Spey Pages banner

1 - 3 of 3 Posts

·
Compulsive water gazer
Joined
·
68 Posts
Discussion Starter #1
Hi - I've been lurking for a few weeks, reading posts, learning, but also now have some questions> SO here they are.. (if this is not appropriate for this forum please direct me to the right place).

First - TWo-handed rod actions - I'm thinking of building a two-handed rod with enough backbone for fighting strong fish (fresh kings, coho, steelhead). Does that mean I'm looking for a fast taper blank? A heavy action blank? Seems I would want to avoid a medium or 'spey' action designation on a blank because the rod would bend to the midsection and hence a 13' rod would only offer 6-7' of lever arm for fighting the fish.....but then... such a rod would be more difficult to spey cast... is that right that there is a tradeoff between good spey action and fish-fighting stiffness?

Second - dead of winter steelheading...when the air is in the 20s and the water is 34 degrees (e.g. Salmon River NY right about now), do you still use spey flies and present them on a swing to the fish? OR do you adopt to some other technique that still allows you some of the fun of fishing a long rod? (eg small stoneflies deaddrifted on very light leader?) Or do you just punt and use a spinning outfit until it gets warmer again? I'm just thinking that fishing with a trad flyline would result in wet and therefore cold fingers before very long.. But most on this board seemt o be somewhat fanatical about spey/two-handed rods, and so must have solved this someway or another...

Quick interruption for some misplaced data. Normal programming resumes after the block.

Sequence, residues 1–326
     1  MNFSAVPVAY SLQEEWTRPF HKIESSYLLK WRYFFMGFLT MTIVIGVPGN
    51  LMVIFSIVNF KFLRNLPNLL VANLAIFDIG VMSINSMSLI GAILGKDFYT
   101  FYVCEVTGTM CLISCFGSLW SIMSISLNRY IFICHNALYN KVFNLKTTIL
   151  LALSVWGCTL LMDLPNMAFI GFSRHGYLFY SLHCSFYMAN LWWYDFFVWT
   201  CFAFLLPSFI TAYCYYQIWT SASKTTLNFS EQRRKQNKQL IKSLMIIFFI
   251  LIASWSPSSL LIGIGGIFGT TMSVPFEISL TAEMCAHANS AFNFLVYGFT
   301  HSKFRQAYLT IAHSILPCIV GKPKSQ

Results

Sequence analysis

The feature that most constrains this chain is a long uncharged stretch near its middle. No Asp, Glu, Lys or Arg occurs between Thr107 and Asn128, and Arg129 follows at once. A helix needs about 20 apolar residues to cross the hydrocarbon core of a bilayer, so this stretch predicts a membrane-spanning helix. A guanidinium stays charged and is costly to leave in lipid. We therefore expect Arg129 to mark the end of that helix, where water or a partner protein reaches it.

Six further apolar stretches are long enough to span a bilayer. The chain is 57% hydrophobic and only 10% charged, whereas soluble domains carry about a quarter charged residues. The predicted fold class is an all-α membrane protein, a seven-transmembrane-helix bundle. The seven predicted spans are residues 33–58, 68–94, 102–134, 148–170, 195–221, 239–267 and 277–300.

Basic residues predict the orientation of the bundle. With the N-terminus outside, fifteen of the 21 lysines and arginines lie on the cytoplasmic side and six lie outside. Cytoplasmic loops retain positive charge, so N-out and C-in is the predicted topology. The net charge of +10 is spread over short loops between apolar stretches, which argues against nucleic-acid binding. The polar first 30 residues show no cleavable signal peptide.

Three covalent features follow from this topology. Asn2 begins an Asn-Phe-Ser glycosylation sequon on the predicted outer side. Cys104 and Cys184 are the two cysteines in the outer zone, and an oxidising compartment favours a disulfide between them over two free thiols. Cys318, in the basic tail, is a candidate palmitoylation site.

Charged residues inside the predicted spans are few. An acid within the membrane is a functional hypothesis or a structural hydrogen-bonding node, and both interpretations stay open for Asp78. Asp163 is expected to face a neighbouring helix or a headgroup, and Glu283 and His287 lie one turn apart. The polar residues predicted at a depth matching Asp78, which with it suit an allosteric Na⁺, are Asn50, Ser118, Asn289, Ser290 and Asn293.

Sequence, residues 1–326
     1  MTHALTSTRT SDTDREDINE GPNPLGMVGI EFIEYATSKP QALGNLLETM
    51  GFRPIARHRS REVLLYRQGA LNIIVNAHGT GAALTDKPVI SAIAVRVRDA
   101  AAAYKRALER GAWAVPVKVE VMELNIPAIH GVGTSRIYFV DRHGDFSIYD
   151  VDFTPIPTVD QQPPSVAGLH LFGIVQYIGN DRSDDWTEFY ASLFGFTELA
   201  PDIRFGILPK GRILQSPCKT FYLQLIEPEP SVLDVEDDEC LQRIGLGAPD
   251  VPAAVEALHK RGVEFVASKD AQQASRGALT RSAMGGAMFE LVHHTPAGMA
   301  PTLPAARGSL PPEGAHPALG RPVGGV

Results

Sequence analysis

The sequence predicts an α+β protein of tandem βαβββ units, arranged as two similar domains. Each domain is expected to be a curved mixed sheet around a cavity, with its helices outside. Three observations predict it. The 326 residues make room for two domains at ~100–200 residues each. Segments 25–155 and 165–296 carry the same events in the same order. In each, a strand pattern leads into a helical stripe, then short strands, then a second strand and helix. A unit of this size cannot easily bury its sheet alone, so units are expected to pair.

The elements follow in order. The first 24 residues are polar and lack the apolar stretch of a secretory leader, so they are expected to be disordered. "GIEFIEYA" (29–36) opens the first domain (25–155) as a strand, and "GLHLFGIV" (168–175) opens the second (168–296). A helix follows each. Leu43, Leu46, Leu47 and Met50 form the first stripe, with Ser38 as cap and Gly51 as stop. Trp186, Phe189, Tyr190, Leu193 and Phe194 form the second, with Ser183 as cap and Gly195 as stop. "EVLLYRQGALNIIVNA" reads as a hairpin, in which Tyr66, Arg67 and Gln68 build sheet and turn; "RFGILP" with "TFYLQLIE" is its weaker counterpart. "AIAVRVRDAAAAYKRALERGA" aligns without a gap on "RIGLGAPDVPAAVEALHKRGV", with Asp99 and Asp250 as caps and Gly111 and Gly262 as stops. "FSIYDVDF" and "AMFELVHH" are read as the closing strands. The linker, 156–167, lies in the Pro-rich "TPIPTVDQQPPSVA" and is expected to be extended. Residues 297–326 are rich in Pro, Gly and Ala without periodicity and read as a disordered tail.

THanks in advance
 

·
Registered
Joined
·
3,042 Posts
Welcome SteelieStudent,

As a general rule for powerful beasties like chinook you want to stick to a shorter powerful rod. Maybe Juro will chime in, as I think his new Atlantis will make an awesome chinook rod. Riveraddict may also be of great help here as he lives to tame the mighty chinook on the fly!

As for techniques for GL "dead of winter" fishing maybe you should post on the Great Lakes Forum - just above the Speyclave.
 
J

·
Guest
Joined
·
0 Posts
I have been fishing the GL tribs for more years than I really like to admit, and roughly half of those have been with a spey rod. We swing spey flies and other traditional wets all winter long. We probably don't catch as many fish as the guys who are indie fishing, but I think we enjoy each fish we do catch all the more. The key is to get your fly within a fish's depth of the bottom and to swing it absolutely as slow as possible. Most of us use rods between twelve and fourteen feet for steelhead. Believe me, the action of the rod has more to do with casting than it does with fighting a fish. Though how you fight the fish may vary somewhat depending upon the rod action, almost any speyrod of seven weight or more is going to land most of the GL steelhead you'll hook. People sometimes use rods that are quite a bit heavier than that, but it's due more to the tips or heads they are using, or perhaps the size and weight of the fly. You can avoid the cold fingers (and ice in the guides) by using a longer bellied line this time of year. Stripping line in is what causes the cold, wet fingers, and is also what causes ice in the guides. Using a Mid-Spey, or Air Flo Long Delta or Delta Traditional, this time of year eliminates most of the stripping. I also carry several pairs of gloves and use Stanley's Ice Off Paste by Loon Products to further minimize those problems. It's a terrific time of year to be fishing as most of the lowlifes that are more snaggers than fishermen are off doing something else.
 
1 - 3 of 3 Posts
Top